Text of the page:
Thanks again for your time. I think that Paul would not mean that the objective truths that we strive to be accurate about are unimportant, but rather the opposite. That being the case, he cannot be a relativist in a simple sense. I say this because some slip into an “easy relativism” that says “since there are varying opinions about x, there is no Truth”. He values the Truth and doesn’t take anything away from the Truth. And there is not “but” after this statement. Instead, he must have recognized that humans are “seeing through a glass darkly”, must have recognized the “epistemic fallibility” that we all carry around. I don’t think that he was “tolerant” about false opinions at all. He seems to demand conformity to certain Truths, to be sure (resurrection!), but tolerant about lack of conformity to other Truths. Paul sees boundaries, I believe. There are cliffs that can’t be neglected. He seems to be the same about sin- in 1 Corinthians he accepts that the church is committing certain sins, but he doesn’t remove fellowship from them for those sins. But for other sins (see 1Cor 5) he demands that the church separate from those that are involved in such.
Just some thoughts, with many questions remaining.
Blessings to you, Bob!

I thought you’d especially appreciate that quote. :smiley:


I very much agree with the quote from Romans–and I especially note the tail end, because that’s a warning against those of us trying to convince others to see a better truth: not that we shouldn’t try, but that we shouldn’t insist (including from authority positions) on people accepting what appears to be an unethical position if they still believe the position to be unethical. Otherwise, we’re the ones who are seducing them to do rebellion against God! :open_mouth: :open_mouth:

I’m sure that goes for truth as well as morality. Bullying someone into treating a doctrine as true when they don’t think it’s true, is a Super Bad Thing, even if the doctrine actually is true.

I have a question for anybody, just to see if there is some new light for me. I’ll try it without Scripture on hand. Now Paul accuses the Corinth church of divisive behavior, does he not? He considers these folks as Christians as well. Then, somewhere else he says that those who practice such divisive behavior will not enter the kingdom. Yet in 1 Cor he says that they are in the Kingdom. Isn’t that a contradiction? Or do they have until death to repent? (?)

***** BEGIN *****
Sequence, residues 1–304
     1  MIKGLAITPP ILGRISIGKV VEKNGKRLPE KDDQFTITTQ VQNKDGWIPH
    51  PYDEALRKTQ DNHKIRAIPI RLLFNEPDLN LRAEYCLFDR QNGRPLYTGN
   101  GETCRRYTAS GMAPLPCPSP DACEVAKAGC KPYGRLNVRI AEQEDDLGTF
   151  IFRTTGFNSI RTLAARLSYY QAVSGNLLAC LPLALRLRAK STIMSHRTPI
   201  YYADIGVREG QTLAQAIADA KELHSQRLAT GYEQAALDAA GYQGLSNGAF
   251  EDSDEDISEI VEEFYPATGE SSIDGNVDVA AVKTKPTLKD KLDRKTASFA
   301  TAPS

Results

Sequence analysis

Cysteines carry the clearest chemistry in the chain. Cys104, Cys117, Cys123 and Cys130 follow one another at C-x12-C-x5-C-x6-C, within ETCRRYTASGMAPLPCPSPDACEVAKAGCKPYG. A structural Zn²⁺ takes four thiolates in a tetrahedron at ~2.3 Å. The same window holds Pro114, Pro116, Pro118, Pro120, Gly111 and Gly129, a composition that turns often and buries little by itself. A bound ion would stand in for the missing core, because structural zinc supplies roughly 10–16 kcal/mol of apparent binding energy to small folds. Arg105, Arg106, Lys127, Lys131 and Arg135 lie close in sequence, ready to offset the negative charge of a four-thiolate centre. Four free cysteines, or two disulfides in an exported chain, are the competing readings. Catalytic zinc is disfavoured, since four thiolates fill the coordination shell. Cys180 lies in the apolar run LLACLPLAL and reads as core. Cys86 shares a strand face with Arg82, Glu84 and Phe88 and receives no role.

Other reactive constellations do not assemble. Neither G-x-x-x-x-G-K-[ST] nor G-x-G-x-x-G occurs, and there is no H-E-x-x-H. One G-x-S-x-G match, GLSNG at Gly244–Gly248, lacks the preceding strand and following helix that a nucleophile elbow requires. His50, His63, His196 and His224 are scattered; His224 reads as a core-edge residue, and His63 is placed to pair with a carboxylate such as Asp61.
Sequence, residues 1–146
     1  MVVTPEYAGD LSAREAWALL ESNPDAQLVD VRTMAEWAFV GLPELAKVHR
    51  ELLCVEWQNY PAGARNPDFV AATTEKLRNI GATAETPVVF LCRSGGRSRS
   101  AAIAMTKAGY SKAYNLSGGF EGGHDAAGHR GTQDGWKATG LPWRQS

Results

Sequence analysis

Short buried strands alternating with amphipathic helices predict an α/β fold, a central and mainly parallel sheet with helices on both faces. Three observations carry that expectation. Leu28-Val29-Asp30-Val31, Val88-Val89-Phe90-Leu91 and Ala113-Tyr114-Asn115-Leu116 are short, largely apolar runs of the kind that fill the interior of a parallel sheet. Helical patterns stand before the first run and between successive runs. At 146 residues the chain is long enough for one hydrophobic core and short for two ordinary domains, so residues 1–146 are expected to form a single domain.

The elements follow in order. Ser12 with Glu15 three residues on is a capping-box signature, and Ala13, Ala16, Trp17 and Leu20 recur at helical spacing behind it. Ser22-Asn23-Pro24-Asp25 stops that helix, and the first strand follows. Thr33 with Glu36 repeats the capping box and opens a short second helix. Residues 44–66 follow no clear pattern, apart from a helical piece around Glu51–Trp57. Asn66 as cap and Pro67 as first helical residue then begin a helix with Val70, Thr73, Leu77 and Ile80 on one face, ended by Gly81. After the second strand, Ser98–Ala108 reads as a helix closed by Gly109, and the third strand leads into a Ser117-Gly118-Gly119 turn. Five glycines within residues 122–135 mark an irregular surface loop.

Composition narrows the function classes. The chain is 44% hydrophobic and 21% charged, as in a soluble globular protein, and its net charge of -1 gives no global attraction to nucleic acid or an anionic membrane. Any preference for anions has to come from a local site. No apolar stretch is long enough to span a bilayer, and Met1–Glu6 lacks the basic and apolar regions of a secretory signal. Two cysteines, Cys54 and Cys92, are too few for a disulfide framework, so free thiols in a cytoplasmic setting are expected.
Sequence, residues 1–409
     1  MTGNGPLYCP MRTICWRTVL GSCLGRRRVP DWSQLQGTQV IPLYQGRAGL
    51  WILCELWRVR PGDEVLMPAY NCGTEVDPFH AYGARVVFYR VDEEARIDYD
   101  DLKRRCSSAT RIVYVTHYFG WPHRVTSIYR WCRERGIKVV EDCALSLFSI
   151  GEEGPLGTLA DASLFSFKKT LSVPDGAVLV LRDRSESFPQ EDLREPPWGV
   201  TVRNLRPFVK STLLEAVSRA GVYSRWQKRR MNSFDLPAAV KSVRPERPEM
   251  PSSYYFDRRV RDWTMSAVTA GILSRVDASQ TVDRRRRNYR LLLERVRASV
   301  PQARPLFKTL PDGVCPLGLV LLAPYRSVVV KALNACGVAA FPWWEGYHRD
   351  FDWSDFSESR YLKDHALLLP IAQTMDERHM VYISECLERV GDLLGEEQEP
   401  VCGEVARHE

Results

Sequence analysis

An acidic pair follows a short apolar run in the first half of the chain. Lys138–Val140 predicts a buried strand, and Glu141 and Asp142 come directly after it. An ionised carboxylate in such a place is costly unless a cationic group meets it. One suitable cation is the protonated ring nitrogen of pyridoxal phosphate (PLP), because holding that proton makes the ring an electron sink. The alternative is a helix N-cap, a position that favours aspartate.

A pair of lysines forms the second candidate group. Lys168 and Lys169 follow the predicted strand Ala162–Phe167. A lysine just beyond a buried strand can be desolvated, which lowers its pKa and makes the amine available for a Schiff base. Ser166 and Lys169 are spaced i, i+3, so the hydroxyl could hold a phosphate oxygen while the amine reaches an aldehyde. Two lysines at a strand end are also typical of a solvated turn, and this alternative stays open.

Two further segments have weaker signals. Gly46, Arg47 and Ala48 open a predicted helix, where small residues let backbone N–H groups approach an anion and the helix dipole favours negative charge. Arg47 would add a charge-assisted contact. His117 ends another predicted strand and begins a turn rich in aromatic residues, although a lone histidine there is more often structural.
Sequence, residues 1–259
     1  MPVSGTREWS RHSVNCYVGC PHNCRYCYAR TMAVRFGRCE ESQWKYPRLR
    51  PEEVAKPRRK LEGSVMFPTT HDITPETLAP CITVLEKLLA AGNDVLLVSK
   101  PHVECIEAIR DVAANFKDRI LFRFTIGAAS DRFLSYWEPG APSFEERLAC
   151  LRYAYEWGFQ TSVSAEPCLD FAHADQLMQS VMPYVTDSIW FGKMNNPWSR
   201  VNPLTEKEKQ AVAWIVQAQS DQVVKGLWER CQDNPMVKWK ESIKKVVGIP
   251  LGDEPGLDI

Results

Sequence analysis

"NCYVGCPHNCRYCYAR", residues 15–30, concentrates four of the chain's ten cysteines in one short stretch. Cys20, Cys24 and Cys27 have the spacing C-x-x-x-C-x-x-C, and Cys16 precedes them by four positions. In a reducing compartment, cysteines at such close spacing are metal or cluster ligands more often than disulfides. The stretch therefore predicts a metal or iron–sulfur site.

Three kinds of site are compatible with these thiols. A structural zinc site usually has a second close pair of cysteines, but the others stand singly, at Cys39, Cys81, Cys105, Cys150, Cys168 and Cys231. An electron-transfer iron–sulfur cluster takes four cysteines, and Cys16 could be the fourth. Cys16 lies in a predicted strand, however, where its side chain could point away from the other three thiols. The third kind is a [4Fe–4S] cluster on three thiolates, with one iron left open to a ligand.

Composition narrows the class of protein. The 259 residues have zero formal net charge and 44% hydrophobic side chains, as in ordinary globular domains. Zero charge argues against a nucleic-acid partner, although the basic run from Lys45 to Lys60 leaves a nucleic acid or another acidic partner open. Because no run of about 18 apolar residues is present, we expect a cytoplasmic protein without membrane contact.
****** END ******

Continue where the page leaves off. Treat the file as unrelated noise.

Or am I misreading some term?

Oh, here it is:
1 Cor:
1Brothers, I could not address you as spiritual but as worldly—mere infants in Christ. 2I gave you milk, not solid food, for you were not yet ready for it. Indeed, you are still not ready. 3You are still worldly. For since there is jealousy and quarreling among you, are you not worldly? Are you not acting like mere men? 4For when one says, “I follow Paul,” and another, “I follow Apollos,” are you not mere men?
19The acts of the sinful nature are obvious: sexual immorality, impurity and debauchery; 20idolatry and witchcraft; hatred, discord, jealousy, fits of rage, selfish ambition, dissensions, factions 21and envy; drunkenness, orgies, and the like. I warn you, as I did before, that those who live like this will not inherit the kingdom of God.

All throughout the NT (and the OT, too, in a way), there’s a prevalent theme of already/not-yet. Thus in one sense I am already in the kingdom; but in another sense, I will not be entering the kingdom until and unless I stop loving and doing my sinning.

Similarly, during Christ’s final visit to Capernaum, He warned His own chosen apostles that unless and until they changed their hearts concerning how they were to treat other people (which was linked to how they expected God to treat other people), they would absolutely by no means be entering into the kingdom. (The Greek report of His words on that occasion, is very emphatic. :open_mouth: :exclamation: ) Yet He had already been sending them out as ambassadors of the kingdom and of the King, and was about to do so again (preparing the way for His final tour through the Galilean, Samarian and Judean regions, plus that Arabian area east of Jordan at the Beth-Araba fords near Jericho.)